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Air brakes a ‘focal point’ in safety board’s probe of Lac-Mégantic disaster

Emergency crews continued battling fires on derailed train cars well into Sunday.


Air brakes are vital to a train's operation, but the locomotive's engine needs to be running for the system to work.

What happened to the air brakes of the train that derailed Saturday in Quebec will be the subject of much scrutiny by the Transportation Safety Board of Canada.

"The securement of the train at the top of the hill will be one of the major focal points of our investigation," Donald Ross, the TSB's investigator in charge, said in an interview Monday. "The train was left at a location which was higher than the Lac-Mégantic area, and the train rolled down a descending grade into the town. There is an air-brake system and a hand-brake system that are used to secure the train, and we're looking at both those systems and how they performed."

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The basic technology for a train's air brakes dates back to 1868, when George Westinghouse invented the system, which would replace the dangerous task of workers who would jump from one moving railcar to another to manually apply the brakes.

The introduction of air brakes was a breakthrough in the rail industry, allowing trains to travel at faster speeds because brakes could be engaged much more quickly than ever before, said transportation policy analyst Greg Gormick.

Hand brakes are also used on individual railcars, or in the Quebec case, tank cars filled with crude oil. Those hand brakes are on each tank car and resemble large steering wheels that can be cranked to put on the brakes when parked.

But air brakes are crucial to a train's ability to safely speed up and slow down. "The engine has to be running for the air pump to be working," said Rex Beatty, president of the Teamsters Canada Rail Conference. The Teamsters union represents thousands of engineers and conductors in Canada, but not at Montreal, Maine & Atlantic Railway. The Maine-based company says its locomotive's air brakes were somehow released during a series of events that led to the derailment.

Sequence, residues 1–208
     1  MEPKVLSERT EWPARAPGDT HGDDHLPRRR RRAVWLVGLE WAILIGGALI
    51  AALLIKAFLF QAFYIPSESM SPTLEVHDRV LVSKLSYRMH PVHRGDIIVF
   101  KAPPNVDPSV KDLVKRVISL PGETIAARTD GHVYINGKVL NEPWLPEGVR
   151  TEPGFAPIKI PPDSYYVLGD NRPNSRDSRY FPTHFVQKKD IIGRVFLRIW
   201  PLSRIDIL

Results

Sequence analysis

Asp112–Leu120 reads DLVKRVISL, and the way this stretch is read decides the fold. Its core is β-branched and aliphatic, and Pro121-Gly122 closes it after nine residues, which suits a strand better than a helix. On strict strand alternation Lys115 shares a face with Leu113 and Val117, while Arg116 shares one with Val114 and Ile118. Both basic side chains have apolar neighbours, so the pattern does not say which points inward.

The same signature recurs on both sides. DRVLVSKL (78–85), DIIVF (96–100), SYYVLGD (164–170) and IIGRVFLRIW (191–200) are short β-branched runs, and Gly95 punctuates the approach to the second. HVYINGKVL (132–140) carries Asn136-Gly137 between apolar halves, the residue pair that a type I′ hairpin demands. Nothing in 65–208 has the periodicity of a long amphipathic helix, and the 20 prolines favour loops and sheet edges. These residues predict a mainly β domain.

If the locomotive's engine is shut down, then air is not being circulated to a reservoir. Without air pressure, the brakes "bleed," and the spring-loaded system doesn't function because proper pressure is required to force the air that applies the brakes to the train's wheels, Mr. Beatty said.

"Whenever you leave a train, you must secure it. You have to put on hand brakes and you have to make sure there is continued air pressure," he said. "If there isn't continued air pressure in the brake lines, eventually the air leaks off."

The Railway Association of Canada defended the sector's safety record. "The railway industry and observers believe this is an extremely atypical event," association president Michael Bourque said in a statement Monday. "We wish to reassure North American communities that railway operations are safe and our track record of handling regulated commodities is excellent."

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About the Author

Brent Jang is a business reporter in The Globe and Mail’s Vancouver bureau. He joined the Globe in 1995. His former positions include transportation reporter in Toronto, energy correspondent in Calgary and Western columnist for Report on Business. He holds a Bachelor of Commerce degree from the University of Alberta, where he served as Editor-in-Chief of The Gateway student newspaper. Mr. More


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